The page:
Sunday, July 05, 2009

CounterSpin: Let the men talk

Back in October of 2006, FAIR issued a study of PBS' NewsHour and their conclusions included that the program"interviewed four times as many male sources as women." As listeners of FAIR's weekly radio program CounterSpin, we didn't just cluck our tongues, we researched and wrote "Are You On CounterSpin's Guest List?" (October 8, 2006).

We surveyed the same period for CounterSpin that FAIR did for The NewsHour and we found 36 males were booked and only 13 women. That was shameful and that was nearly three years ago.

How FAIR is CounterSpin today? For the first six months of this year (through the June 26th episode), CounterSpin featured 15 women as guests compared to 34 men. Over twice as many men are booked on the show. In addition, during this time one show (June 19th) devoted the full broadcast to just one guest: a man (D.D. Guttenplan) discussing another man (I.F. Stone).

At FAIR, they thank those who supported their latest beg for money cycle and encourage people: "If you haven't yet, it's not to late to support FAIR." Yes, that should be "it's not too late . . ." Too. But, hey, a Carole King hit ("It's Too Late"), a woman, why would they pay attention? They'd rather bask in their ignorance.

FAIR describes itself thusly, "FAIR, the national media watch group, has been offering well-documented criticism of media bias and censorship since 1986. We work to invigorate the First Amendment by advocating for greater diversity in the press and by scrutinizing media practices that marginalize public interest, minority and dissenting viewpoints. As an anti-censorship organization, we expose neglected news stories and defend working journalists when they are muzzled. As a progressive group, FAIR believes that structural reform is ultimately needed to break up the dominant media conglomerates, establish independent public broadcasting and promote strong non-profit sources of information."

Greater diversity doesn't include calling out sexism.

In fact, they'd prefer to ignore it.

As they demonstrated in 2008 when they let the entire political primary and general election run drift by with CounterSpin only noting sexism one time. May 28, 2008, we pointed out their 'critique' from the May 25th broadcast, in full: "CNN viewers were treated to one pundit explanation that people might call Hillary Clinton a bitch because well isn't that just what some women are." The first time in 2008 that they 'covered' or 'confronted' sexism and the last time in 2008.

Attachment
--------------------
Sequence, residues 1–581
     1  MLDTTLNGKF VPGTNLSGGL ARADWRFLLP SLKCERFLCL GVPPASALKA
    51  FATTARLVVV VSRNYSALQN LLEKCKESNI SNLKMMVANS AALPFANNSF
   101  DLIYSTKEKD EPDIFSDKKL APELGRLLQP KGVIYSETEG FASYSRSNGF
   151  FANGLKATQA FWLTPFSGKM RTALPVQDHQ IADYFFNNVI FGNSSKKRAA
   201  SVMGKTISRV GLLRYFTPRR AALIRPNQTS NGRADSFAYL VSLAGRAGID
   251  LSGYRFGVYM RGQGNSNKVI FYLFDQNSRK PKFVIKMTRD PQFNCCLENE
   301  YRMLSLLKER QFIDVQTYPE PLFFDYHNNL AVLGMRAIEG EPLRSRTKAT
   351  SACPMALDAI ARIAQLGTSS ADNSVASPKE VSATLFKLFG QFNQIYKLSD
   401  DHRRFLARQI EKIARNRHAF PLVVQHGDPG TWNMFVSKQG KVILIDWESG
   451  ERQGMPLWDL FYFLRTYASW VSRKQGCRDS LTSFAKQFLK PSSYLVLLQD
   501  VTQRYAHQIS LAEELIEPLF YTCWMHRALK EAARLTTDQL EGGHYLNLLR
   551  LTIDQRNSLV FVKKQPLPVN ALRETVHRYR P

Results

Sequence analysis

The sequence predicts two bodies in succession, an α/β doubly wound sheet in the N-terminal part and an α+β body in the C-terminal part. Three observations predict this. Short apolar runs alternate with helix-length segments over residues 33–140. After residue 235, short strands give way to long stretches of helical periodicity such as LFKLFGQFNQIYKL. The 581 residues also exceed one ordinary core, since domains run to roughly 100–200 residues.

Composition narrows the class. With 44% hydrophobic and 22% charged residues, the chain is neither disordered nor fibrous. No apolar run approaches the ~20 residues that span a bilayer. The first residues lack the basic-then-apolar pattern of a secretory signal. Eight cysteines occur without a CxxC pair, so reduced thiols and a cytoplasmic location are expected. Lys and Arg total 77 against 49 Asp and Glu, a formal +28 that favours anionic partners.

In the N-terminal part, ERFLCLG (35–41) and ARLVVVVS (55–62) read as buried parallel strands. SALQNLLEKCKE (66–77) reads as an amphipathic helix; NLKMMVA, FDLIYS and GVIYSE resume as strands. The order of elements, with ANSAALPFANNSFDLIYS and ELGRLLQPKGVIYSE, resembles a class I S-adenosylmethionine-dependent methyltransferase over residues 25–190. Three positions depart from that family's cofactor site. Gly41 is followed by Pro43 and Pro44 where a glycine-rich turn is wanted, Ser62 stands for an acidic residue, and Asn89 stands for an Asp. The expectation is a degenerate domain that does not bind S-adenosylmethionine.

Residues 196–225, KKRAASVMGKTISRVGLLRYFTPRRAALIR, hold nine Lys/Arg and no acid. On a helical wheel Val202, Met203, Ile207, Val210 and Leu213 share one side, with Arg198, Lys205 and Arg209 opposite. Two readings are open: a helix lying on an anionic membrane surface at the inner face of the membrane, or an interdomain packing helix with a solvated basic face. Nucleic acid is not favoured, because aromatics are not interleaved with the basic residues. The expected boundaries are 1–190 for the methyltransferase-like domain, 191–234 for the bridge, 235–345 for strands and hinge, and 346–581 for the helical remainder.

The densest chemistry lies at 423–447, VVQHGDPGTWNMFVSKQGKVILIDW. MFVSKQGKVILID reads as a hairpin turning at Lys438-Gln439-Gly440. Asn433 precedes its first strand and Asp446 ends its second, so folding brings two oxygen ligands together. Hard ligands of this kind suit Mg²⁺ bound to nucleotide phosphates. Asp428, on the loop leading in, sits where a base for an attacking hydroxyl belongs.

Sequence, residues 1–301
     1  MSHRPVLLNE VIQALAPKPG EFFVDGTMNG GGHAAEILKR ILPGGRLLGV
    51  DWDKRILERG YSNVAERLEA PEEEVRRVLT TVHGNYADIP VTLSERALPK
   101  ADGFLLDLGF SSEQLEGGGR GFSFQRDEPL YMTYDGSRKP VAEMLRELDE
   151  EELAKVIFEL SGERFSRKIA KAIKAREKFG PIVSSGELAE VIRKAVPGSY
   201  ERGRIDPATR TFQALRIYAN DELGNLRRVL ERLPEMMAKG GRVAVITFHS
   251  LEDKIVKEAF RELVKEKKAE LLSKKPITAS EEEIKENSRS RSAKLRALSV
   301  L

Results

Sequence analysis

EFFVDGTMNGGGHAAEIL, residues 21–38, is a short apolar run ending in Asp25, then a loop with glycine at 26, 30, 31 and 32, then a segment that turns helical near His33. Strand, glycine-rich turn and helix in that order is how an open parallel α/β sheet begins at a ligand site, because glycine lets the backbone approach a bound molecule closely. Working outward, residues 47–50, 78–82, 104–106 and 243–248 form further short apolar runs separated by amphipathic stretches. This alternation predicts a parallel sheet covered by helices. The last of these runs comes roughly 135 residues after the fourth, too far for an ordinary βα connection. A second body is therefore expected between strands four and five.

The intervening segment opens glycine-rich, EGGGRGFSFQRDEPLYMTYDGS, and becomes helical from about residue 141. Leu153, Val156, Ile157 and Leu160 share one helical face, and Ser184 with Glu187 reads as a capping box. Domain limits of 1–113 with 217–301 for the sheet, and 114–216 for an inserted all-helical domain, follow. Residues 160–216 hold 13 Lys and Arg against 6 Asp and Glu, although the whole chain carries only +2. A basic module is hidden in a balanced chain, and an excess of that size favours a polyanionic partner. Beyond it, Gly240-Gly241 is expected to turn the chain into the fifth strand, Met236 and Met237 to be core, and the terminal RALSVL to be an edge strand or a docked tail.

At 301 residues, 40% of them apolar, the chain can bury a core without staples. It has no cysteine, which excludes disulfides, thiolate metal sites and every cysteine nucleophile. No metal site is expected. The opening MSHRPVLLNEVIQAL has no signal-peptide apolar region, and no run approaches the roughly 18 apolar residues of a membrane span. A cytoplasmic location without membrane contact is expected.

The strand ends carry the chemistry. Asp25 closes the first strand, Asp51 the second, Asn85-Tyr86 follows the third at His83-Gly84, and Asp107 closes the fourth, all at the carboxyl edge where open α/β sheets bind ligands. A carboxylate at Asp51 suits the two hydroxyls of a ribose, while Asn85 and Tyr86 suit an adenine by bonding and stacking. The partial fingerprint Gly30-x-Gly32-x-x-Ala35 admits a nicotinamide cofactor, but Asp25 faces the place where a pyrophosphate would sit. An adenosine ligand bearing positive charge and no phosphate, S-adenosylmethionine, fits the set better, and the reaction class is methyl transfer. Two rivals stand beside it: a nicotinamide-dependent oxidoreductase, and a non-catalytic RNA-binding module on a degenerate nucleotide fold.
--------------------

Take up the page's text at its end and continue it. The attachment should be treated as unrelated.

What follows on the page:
In 2009, they ignored the Letterman controversy and we pointed that out in an aside (". . . That's why CounterSpin let the whole primary season pass by without calling out the sexism*, right? Because how dare Hillary force us to speak out against sexism, how dare she.") which led to a boo-hoo from CounterSpin insisting that they had called out sexism in 2008, they had too. To calm our 'friends' a note was added to the TV commentary.

Not only did they boo-hoo in an e-mail, the next Friday (show is taped on a Thursday), Janine Jackson was snarling: "One of the reasons some people think media sexism is largely a thing of the past is that they only look for certain kinds like demeaning treatment of women politicians." (Noted here.) Ooooh, that's telling us, Janine! After all, we just cover sexism every week. We cover it in terms of private individuals, in terms of the message the media sends to viewers, in terms of the entertainment and news business. But Janine was focusing on a bad newspaper article about a sci-fi convention.

It was only the third example of sexism CounterSpin had found in two years. The second? The February 13, 2009 broadcast called out the sexism aimed at Katie Couric by FAIR foe Howard Kurtz. We could reply to Janine, "One of the reasons some people think media sexism is largely a thing of the past is that they only look for certain kinds like demeaning treatment of women journalists."

In two years time, CounterSpin's made room for three items on sexism. Listeners of the program would be forgiven for assuming sexism barely exists in this country. They'd be forgiven for assuming there are less women in this country than men as well because, week after week, the guests CounterSpin books sends the message that there are either over twice as many men as women or that men are just more worth hearing from.

Either way, that doesn't sound very "FAIR" to us.
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